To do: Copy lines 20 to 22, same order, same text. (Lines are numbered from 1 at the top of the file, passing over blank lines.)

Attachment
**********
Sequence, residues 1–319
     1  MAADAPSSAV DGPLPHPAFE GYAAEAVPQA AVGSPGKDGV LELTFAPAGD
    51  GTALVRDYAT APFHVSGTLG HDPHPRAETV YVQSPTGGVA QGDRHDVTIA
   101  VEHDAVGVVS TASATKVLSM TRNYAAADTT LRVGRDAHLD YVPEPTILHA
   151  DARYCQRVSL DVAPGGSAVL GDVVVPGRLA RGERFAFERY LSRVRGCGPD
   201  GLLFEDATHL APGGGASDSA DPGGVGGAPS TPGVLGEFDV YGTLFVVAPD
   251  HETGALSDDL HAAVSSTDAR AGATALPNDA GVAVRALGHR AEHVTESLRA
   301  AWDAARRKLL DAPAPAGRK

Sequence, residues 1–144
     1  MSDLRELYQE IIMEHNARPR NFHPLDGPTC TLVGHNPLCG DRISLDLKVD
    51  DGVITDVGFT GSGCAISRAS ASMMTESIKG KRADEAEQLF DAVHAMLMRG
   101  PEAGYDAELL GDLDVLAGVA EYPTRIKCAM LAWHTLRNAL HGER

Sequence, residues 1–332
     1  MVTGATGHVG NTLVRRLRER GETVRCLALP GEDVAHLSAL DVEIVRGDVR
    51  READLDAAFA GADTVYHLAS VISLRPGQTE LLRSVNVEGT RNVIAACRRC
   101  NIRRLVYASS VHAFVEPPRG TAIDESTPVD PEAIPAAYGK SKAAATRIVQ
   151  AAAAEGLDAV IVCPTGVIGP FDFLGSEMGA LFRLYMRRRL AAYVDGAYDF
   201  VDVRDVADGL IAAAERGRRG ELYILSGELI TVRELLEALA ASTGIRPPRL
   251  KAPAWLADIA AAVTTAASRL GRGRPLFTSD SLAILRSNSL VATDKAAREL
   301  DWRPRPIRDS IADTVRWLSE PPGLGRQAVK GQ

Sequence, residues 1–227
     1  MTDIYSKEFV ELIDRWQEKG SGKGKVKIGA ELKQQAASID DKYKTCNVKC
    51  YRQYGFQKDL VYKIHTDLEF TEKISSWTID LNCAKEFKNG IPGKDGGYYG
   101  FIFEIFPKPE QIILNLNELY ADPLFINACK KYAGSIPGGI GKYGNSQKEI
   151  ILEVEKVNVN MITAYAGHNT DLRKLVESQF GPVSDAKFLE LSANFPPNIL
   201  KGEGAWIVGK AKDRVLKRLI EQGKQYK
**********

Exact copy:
   301  DWRPRPIRDS IADTVRWLSE PPGLGRQAVK GQ

Sequence, residues 1–227
     1  MTDIYSKEFV ELIDRWQEKG SGKGKVKIGA ELKQQAASID DKYKTCNVKC